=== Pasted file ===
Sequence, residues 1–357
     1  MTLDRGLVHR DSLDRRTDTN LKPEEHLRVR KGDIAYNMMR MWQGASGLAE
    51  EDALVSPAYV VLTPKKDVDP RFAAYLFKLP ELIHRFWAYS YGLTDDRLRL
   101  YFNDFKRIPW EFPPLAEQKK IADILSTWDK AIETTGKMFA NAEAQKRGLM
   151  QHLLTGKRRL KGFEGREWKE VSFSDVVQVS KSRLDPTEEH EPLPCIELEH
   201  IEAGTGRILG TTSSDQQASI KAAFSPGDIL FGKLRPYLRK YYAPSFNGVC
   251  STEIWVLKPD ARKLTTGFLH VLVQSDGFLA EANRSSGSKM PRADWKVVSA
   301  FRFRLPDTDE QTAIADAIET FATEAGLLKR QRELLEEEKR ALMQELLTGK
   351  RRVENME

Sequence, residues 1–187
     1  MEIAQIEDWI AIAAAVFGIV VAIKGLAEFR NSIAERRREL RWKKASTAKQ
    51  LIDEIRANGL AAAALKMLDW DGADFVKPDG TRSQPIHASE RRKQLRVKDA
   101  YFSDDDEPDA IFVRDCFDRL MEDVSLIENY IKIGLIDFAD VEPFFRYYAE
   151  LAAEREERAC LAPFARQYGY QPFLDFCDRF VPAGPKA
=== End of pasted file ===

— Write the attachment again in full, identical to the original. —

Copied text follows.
Sequence, residues 1–357
     1  MTLDRGLVHR DSLDRRTDTN LKPEEHLRVR KGDIAYNMMR MWQGASGLAE
    51  EDALVSPAYV VLTPKKDVDP RFAAYLFKLP ELIHRFWAYS YGLTDDRLRL
   101  YFNDFKRIPW EFPPLAEQKK IADILSTWDK AIETTGKMFA NAEAQKRGLM
   151  QHLLTGKRRL KGFEGREWKE VSFSDVVQVS KSRLDPTEEH EPLPCIELEH
   201  IEAGTGRILG TTSSDQQASI KAAFSPGDIL FGKLRPYLRK YYAPSFNGVC
   251  STEIWVLKPD ARKLTTGFLH VLVQSDGFLA EANRSSGSKM PRADWKVVSA
   301  FRFRLPDTDE QTAIADAIET FATEAGLLKR QRELLEEEKR ALMQELLTGK
   351  RRVENME

Sequence, residues 1–187
     1  MEIAQIEDWI AIAAAVFGIV VAIKGLAEFR NSIAERRREL RWKKASTAKQ
    51  LIDEIRANGL AAAALKMLDW DGADFVKPDG TRSQPIHASE RRKQLRVKDA
   101  YFSDDDEPDA IFVRDCFDRL MEDVSLIENY IKIGLIDFAD VEPFFRYYAE
   151  LAAEREERAC LAPFARQYGY QPFLDFCDRF VPAGPKA